Exploring Death and Resurrection in T.S. Eliot’s The Waste Land
T.S. Eliot’s 1922 poem The Waste Land is widely considered the most influential work of the twentieth century. Composed of five compelling parts, Eliot’s genius work forms an intricate collage of modern society. Many scholars view The Waste Land as Eliot expressing his fear and terror about the fate of humanity and culture. Modernists such as Eliot tend to focus on the decline of Western culture, and romanticize the beauty that their culture had once possessed. The world described in The Waste Land is full of human isolation and skepticism, similar to the everyday world Eliot lived in and observed post World War I. Though The Waste Land is centered on negative imagery and the overall theme of death, Eliot did not mean to have the work be without hope. Out of all of the negativity happening in society, The Waste Land Eliot focuses heavily on the theme of rebirth and resurrection.
In the aftermath and devastation of WWI, Eliot saw hope in society—because after death and desolation can only come rebirth and positivity. World War I was the turning point of the old world into the new world, the end of the Victorian Era, with its aftermath still effecting modern society today. In 1914 millions of people marched against each other in large groups, the way they usually marched in the Victorian era, but they were met by great devastation due to all of the advances in technology. What everyone thought was going to be a quick war dragged on for years. The modern advances in technology such as barbed wire, machine guns, submarines, chemical warfare, tanks, airplanes, and flamethrowers were things that armies had never seen, and had certainly never prepared for. The results of WWI were astounding; nearly a whole generation was killed off in battle, leaving those at home clinging to their mortality, and having to pick up the pieces of their broken existence. Eliot saw what WWI did to those around him, and how modern society was at its worst, in need of saving—a direct product of this is his genius work accurately chronicling the chaos of the times: The Waste Land.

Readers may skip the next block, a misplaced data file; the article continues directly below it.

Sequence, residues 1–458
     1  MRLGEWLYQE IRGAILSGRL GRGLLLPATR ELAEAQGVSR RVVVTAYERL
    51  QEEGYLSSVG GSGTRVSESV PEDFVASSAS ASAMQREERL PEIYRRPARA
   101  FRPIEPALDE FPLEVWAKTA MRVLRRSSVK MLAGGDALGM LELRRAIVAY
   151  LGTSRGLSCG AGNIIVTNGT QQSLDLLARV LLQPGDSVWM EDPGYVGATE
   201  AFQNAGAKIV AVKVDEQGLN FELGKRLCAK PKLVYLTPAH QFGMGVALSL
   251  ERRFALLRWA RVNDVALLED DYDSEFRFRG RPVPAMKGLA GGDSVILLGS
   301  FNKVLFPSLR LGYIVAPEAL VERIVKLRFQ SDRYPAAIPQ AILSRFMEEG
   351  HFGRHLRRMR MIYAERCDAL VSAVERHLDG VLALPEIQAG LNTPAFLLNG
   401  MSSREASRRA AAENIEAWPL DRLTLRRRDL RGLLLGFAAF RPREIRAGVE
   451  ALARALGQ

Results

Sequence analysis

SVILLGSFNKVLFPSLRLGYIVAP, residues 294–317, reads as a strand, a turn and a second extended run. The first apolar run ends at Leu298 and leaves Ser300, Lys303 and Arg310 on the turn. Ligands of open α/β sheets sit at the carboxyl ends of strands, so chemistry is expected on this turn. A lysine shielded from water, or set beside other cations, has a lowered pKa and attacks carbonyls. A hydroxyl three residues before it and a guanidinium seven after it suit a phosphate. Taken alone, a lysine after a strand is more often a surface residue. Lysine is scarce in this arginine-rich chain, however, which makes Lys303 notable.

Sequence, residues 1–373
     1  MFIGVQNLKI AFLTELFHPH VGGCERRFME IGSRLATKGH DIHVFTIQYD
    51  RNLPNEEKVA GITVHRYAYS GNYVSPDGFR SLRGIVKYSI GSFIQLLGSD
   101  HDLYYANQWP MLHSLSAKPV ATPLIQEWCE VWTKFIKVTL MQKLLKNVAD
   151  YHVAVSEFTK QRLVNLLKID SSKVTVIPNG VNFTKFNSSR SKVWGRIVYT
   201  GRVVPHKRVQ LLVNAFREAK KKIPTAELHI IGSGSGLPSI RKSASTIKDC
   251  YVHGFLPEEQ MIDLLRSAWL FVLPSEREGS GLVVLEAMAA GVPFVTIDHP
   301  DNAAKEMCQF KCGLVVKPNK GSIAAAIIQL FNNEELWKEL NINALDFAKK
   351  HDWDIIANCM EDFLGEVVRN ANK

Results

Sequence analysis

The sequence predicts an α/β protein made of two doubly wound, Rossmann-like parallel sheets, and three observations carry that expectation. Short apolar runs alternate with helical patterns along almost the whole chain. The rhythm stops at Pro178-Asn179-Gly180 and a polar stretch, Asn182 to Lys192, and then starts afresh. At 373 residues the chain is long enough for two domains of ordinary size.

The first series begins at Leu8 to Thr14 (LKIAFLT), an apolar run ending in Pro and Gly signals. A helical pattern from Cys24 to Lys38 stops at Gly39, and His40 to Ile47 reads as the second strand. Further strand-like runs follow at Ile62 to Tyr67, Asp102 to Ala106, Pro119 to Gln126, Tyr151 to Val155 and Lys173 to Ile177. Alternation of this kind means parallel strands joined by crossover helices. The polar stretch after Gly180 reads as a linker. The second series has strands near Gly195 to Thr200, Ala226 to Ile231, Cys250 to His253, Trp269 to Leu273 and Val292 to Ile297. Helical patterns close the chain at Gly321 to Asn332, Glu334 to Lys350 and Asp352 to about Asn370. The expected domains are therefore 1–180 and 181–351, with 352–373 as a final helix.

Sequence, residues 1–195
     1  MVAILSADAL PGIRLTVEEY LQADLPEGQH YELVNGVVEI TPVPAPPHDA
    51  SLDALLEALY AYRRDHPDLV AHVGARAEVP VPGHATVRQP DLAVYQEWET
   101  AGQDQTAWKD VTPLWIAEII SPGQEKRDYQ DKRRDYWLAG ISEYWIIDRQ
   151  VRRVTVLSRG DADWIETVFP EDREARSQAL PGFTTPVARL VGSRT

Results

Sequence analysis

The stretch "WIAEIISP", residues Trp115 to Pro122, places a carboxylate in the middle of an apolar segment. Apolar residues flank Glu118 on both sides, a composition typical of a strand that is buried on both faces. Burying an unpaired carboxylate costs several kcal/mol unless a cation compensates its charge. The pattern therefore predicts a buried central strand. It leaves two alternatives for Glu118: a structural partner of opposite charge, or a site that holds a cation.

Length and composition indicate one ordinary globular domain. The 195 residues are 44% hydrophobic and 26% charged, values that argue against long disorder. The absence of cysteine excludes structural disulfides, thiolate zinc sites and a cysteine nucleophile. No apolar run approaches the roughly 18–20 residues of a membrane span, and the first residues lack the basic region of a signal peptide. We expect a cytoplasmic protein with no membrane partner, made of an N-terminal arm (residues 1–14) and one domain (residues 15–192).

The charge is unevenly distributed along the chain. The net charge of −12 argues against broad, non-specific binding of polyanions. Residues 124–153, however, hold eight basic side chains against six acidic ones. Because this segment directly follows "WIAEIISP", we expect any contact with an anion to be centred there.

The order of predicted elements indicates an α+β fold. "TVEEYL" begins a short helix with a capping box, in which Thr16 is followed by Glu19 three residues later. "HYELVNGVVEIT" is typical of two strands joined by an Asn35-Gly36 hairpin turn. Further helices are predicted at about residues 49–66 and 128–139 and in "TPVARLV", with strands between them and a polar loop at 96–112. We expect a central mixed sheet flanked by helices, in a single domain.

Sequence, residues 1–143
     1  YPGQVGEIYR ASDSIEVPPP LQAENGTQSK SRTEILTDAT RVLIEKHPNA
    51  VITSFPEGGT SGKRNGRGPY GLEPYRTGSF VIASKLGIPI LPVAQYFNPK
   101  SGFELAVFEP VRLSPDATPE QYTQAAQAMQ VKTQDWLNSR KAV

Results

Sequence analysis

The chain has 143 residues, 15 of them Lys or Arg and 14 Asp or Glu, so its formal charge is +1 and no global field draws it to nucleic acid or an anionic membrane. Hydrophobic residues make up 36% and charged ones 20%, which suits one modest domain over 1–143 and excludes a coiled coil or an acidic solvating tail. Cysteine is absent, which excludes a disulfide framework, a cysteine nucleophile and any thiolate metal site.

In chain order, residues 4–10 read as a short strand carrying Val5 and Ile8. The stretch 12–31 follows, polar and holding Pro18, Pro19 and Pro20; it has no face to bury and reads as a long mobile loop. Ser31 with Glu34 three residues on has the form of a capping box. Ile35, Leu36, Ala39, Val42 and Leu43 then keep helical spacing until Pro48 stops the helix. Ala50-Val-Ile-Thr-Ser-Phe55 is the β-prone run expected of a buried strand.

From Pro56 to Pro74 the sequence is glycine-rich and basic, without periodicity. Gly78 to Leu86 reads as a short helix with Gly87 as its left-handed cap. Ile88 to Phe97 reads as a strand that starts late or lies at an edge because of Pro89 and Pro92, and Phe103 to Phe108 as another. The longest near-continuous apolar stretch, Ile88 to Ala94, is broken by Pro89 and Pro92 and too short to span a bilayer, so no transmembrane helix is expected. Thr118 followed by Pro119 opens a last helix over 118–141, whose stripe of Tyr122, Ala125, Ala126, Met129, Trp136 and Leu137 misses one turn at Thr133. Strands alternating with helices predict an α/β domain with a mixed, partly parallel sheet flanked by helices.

In addition to the vast devastation from WWI, Eliot was also experiencing a devastation of sorts in his personal life. According to Fatima Falih Ahmed and Moayad Alshara Ahmad in their scholarly article, “Rejuvenation in T.S. Eliot’s The Waste Land” Eliot had come to a, “standstill in his writing career at this point. He was having a hard time thinking of things to write about and was afraid that he would never have another good idea again.” (Ahmad and Ahmed 164). So next to the impact and widespread death of WWI, Eliot had also experienced a death in him, inside his brain. In a sense writing The Waste Land was not only an act of catharsis for him, because of the rebirth and awakening of ideas and passions, and it also became a defining poem for his generation. Within The Waste Land rebirth and resurrection do not occur with ease, they can only come from hardships, negativity, and death—which the post WWI society was experiencing to the extreme. The post WWI world placed society in an era of, “depression, loss, and untimely death.” (Ahmad and Ahmed 160). Throughout the work there are numerous allusions to death and destruction such as the overall dead, waterless, and rocky terrain of the land unable of sparking growth or rebirth. Nearly everything in this poem is sad and dead, “The people miss things that have passed or ended. They are also indifferent to what happens to them. The images and seasons are dark, cruel, and desolate.” (161). Or one can look to the many desolate characters that lead terrible lives and meet an untimely demise, such as Phlebas the conceited Phoenician sailor, the tragic Philomel, or any of the nameless people described who are essentially dead inside and lead scandalous and passionless lives. However, death and life can be easily blurred—though death is negative and devastating from, “death can spring life, and life in turn necessitates death.” (162).
As explored by Archana Parashar in her scholarly article, “Reverberations of Environmental Crisis and its Relevance in Managing Sustainability: An Ecocritical Reading of T. S. Eliot’s the Waste Land” the wasteland which could be categorized as Europe and Modern civilization as a whole stands for the, “loss of morals, values, [and the] degradation of environment in the modern world.” (Parashar). On one hand The Waste Land becomes a, “reflection of individual hopelessness and despair but a panoramic view of the total spiritual downfall that has overtaken the modern world… it is expressionless, aggressive, and full of escapist resentment.” (Ahmad and Ahmed 160). An example of the spiritual downfall Eliot saw in his modern world would be that of Phlebas the Phoenician sailor. Phlebas was pridefilled, arrogant, and conceited and he is now dead floating alone at the bottom of the sea. Eliot uses Phlebas as a parable or cautionary tale to have one recall their own mortality, stating: “Consider Phlebas, who was once handsome and tall as you.” (Eliot, line 321). By killing off Phlebas from his modernist sins and rebirthing him to nature, Eliot humbles the character and gives him a new beginning.